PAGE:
16 Songs, 59 Minutes

EDITORS’ NOTES

Like the Clash and Nirvana before them, Anti-Flag are a fiercely anti-corporate band who eventually signed with a major label as a way to get their music to more people. And like The Clash and Nirvana before them, Anti-Flag refuse to stay the band they were when they were 19. Without sacrificing any of their conviction, the band brings new textures, tempos, and instrumentation into their recipe. Piano might not be deemed punk, but listen to “Vices” before you pass judgment. Meanwhile, “The Bright Lights of America” and “We Are the Lost” are anthems for the disaffected; even in their fame, the band has not lost its ability to speak for disenfranchised young people. Many of those young people are now accusing Anti-Flag of selling-out, an issue the band addresses on “Go West.” Over a mournful, surging chorus, the song urges its listener to follow an unbeaten path: “The choice is up to you / Life can lead you along on a leash / Or you can break free and run on your own.”

Parental Advisory: Explicit Lyrics.

EDITORS’ NOTES

Like the Clash and Nirvana before them, Anti-Flag are a fiercely anti-corporate band who eventually signed with a major label as a way to get their music to more people. And like The Clash and Nirvana before them, Anti-Flag refuse to stay the band they were when they were 19. Without sacrificing any of their conviction, the band brings new textures, tempos, and instrumentation into their recipe. Piano might not be deemed punk, but listen to “Vices” before you pass judgment. Meanwhile, “The Bright Lights of America” and “We Are the Lost” are anthems for the disaffected; even in their fame, the band has not lost its ability to speak for disenfranchised young people. Many of those young people are now accusing Anti-Flag of selling-out, an issue the band addresses on “Go West.” Over a mournful, surging chorus, the song urges its listener to follow an unbeaten path: “The choice is up to you / Life can lead you along on a leash / Or you can break free and run on your own.”

Parental Advisory: Explicit Lyrics.
TITLE TIME
16

Ratings and Reviews

3.5 out of 5
163 Ratings

163 Ratings

johnholzer ,

what?!

well, the album sounds great- point blank. how many times must bands be confronted with becoming "sell-outs"? are you kidding? does anyone out there know how tough it is to make any kind of decent money in the music industry right now, unless you're completely huge? anti-flag is a great band that came up through the DIY and small time labels, and now it's their turn. being signed to a huge company means they can get their message out to that many more people.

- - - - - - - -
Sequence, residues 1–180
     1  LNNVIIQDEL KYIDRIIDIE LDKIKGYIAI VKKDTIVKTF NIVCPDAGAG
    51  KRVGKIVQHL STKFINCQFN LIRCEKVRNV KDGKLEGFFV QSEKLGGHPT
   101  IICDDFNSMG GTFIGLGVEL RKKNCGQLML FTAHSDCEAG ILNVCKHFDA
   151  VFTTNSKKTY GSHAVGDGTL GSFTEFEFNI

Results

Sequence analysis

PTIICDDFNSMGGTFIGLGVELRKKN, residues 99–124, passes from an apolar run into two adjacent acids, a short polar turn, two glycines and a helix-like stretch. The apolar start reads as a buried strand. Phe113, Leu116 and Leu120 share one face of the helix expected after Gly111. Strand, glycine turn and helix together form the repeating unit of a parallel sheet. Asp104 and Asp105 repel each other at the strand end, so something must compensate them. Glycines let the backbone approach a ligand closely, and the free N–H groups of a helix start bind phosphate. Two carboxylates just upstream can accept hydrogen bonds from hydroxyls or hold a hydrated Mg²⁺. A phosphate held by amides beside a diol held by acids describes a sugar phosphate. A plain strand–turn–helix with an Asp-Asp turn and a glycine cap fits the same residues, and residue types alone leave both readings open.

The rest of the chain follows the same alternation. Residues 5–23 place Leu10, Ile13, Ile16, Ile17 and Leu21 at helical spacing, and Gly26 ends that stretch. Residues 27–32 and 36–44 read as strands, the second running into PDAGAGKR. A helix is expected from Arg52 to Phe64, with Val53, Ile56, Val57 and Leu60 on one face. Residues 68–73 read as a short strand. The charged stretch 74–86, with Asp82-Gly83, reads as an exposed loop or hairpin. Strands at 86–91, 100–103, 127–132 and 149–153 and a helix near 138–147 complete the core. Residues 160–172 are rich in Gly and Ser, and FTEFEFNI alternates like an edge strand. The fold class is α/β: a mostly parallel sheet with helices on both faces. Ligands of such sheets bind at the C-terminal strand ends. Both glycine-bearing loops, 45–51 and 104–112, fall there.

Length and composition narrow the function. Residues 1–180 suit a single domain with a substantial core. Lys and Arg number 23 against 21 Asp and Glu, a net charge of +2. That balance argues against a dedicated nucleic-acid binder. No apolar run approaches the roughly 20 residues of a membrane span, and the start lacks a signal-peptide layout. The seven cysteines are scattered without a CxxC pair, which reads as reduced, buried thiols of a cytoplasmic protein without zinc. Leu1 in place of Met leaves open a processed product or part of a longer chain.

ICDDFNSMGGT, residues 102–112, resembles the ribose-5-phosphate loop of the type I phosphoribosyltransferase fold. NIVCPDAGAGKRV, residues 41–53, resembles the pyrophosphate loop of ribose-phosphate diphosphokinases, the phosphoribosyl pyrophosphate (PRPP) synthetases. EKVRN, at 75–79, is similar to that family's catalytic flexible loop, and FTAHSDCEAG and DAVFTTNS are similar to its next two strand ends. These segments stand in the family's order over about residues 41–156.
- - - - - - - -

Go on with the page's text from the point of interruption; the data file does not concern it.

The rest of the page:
i am so sick of hearing about selling out. so now anti-flag gets to make a decent living at music. anti-flag is still making the music they want to make. so much for fan support... music fans can be so horrible...

Rancidity ,

If you really listened...

The lyrics are inspiring, and though it's not quite as overtly political as their last few albums, this touches more on the issues directly impacting their fans (not to say that political issues don't impact all of us.) This was exactly the album I needed to hear at this point in my life, though when I first heard it I hated it. I gave it another, closer listen, and read the lyrics, and realized how much this band has grown from the first time I saw them live in 1999, back when #2 hardly sang at all and Justin still sounded like a whiny teenager. They are always changing, and that is part of what I love about them. So if you hate it at first, like I did, give it a second chance. It's worth really getting to know this album and this band in general.

JJ...JJ ,

Hmmmm?

Why does everyone say that they sold out on this album? I think this is a great album, maybe not as good as some of their earlier ones, but definetly not a sell out. It's a band maturing, not giving up their message.

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